The Long Gap Between SpaceShipTwo Powered Flights 3 & 4 Explained

Nitrous nylon engine test on Jan. 16, 2014. (Credit: Ken Brown)
Nitrous nylon engine test on Jan. 16, 2014. (Credit: Ken Brown)

One of the most interesting aspects of the National Transportation Safety Board (NTSB) investigation into the SpaceShipTwo accident is the ability to find out what was actually going on behind the scenes during the vehicle’s development and testing. Reality is at times at sharp variance from what was being said publicly at the time.

One of the more fascinating NTSB documents is this one: Operations Factual – Attachment 24 Flight and Test Reviews. It is a detailed response from Scaled Composites to NTSB questions about the modifications the company made to SpaceShipTwo between powered flight no. 3 on Jan. 10, 2014 and the failed powered flight 4 on Oct. 31 of last year.

The excerpt below has some information redacted for proprietary reasons, (Worry not, I’ll fill in the blanks below.)  But, it still provides a good description of the modifications Scaled made to the ship before and after Virgin Galactic announced a switch from a rubber to a nylon hybrid motor at the end of May 2014.

Preparation for PF04 began immediately following PF03 which occurred on January 10th 2013 approximately 8.5 months prior to PF04. The goals for PF04 morphed a couple of times driven by dependency on the rocket motor. PF04 was initially envisioned as a longer duration burn with the SNC HTPB hybrid. To this end, the vehicle was being configured with extra [REDACTED] tanks in the wings [REDACTED]. This work was wrapping up in the early spring of 2014. However, due to continued issues with that path, work was ceased on that effort by June1.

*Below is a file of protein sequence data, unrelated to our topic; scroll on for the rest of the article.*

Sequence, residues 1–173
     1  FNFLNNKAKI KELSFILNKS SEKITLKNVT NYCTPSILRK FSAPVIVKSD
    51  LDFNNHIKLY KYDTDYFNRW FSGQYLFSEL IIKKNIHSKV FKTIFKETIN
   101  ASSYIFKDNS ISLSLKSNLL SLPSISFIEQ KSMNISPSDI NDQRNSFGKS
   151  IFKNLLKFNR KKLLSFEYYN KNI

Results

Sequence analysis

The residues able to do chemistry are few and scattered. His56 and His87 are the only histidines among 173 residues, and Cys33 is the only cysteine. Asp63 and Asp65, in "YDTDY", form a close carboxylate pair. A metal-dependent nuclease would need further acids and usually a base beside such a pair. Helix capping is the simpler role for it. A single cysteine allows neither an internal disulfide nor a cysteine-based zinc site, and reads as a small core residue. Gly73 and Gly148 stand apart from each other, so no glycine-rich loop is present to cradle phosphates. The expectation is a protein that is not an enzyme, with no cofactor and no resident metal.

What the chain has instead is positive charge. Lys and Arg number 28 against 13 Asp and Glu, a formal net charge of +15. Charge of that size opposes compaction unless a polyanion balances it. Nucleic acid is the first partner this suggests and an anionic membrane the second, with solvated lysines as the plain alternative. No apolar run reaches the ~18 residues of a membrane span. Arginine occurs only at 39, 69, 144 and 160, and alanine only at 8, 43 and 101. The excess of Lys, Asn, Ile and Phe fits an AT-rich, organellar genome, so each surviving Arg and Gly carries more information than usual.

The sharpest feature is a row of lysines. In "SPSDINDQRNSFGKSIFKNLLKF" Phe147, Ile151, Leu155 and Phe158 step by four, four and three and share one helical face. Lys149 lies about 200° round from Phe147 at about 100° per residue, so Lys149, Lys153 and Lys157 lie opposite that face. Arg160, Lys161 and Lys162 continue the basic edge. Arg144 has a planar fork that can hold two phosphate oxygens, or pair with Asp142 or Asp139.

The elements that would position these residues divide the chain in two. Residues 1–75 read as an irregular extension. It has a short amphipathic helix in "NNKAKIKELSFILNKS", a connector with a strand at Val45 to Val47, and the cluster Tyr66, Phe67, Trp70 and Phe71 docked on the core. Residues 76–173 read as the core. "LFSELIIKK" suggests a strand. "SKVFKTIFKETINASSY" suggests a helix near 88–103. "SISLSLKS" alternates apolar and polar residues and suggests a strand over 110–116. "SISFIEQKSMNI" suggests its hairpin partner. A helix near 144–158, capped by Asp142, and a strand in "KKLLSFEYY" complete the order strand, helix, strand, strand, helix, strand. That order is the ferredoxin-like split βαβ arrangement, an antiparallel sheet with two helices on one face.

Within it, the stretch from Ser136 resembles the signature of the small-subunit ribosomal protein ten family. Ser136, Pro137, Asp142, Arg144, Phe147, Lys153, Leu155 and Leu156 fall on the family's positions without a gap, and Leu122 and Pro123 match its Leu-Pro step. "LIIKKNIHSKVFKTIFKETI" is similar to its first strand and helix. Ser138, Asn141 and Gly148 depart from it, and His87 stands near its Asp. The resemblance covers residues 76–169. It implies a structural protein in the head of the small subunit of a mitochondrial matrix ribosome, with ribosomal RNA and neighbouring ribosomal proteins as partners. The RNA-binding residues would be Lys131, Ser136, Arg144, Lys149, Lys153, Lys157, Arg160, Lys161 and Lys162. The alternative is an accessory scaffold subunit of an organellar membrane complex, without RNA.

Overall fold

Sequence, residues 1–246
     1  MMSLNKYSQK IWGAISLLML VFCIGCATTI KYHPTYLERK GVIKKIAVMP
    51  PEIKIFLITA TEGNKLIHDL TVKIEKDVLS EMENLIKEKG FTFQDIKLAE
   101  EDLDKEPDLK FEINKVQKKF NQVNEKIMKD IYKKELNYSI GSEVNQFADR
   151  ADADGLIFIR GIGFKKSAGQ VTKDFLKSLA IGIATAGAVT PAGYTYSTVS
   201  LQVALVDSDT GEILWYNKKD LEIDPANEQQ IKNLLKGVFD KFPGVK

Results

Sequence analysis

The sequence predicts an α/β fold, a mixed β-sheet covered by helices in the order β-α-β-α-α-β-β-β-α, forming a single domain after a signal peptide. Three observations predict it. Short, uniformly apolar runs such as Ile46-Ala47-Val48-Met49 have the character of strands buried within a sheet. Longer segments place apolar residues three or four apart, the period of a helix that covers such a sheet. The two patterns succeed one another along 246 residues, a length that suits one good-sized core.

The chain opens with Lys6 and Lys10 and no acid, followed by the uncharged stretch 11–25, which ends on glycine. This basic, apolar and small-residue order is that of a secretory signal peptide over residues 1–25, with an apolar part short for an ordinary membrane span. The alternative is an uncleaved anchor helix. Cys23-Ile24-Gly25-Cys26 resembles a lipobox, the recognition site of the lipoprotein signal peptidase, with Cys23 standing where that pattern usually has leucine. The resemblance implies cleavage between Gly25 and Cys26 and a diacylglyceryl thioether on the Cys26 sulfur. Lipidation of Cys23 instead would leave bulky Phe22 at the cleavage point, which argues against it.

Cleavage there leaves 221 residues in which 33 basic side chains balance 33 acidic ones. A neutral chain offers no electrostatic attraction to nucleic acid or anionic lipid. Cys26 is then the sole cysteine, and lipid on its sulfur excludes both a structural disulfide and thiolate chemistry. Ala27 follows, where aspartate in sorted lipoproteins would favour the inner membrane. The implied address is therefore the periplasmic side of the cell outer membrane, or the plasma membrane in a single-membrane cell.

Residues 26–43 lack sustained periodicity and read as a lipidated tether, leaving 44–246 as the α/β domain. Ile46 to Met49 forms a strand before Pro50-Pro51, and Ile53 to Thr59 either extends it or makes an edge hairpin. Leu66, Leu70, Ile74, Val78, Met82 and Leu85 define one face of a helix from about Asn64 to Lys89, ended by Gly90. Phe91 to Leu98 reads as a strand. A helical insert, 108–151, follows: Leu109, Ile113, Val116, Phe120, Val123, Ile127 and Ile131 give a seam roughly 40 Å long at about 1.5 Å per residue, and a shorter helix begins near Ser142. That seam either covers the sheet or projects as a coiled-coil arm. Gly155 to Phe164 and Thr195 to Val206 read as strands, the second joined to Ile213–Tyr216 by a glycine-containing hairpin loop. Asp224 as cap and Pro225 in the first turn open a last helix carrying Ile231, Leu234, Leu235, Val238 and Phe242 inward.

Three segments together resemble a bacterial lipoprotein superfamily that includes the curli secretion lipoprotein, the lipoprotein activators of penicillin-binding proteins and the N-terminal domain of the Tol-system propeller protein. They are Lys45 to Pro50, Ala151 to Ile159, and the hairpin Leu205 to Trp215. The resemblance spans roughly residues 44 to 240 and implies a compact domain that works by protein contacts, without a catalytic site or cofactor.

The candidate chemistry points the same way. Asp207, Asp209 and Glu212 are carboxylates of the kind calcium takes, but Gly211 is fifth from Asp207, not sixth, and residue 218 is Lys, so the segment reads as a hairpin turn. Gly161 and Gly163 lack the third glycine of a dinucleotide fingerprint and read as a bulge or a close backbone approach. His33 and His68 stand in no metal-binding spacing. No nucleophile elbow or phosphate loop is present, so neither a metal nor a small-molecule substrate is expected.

The parallel Scaled Nylon fueled hybrid was made the primary path in May‐June of 2014. This required repurposing the extra wing [REDACTED] tanks for [REDACTED] in addition to retrofitting, modifying and replacing portions of the [REDACTED]. Additional [REDACTED] were also integrated. This modification cycle along with associated rocket motor development and qualification testing paced the program from May through PF04 in October of 2014.

Integration of the tanks was done in concert with other major mods to the airframe. In an effort to maintain test team proficiency, and as an effort to efficiently utilize the schedule, a strategic decision was made to perform a functional check flight of SS2 with the new modifications. Though much of the new [REDACTED] was integrated, the system was flown inert [REDACTED]. An FRR was held specific to the structural other airframe mods. The GF029 FRR (Glide Flight 29 Flight Readiness Review) was held 7‐17‐2014.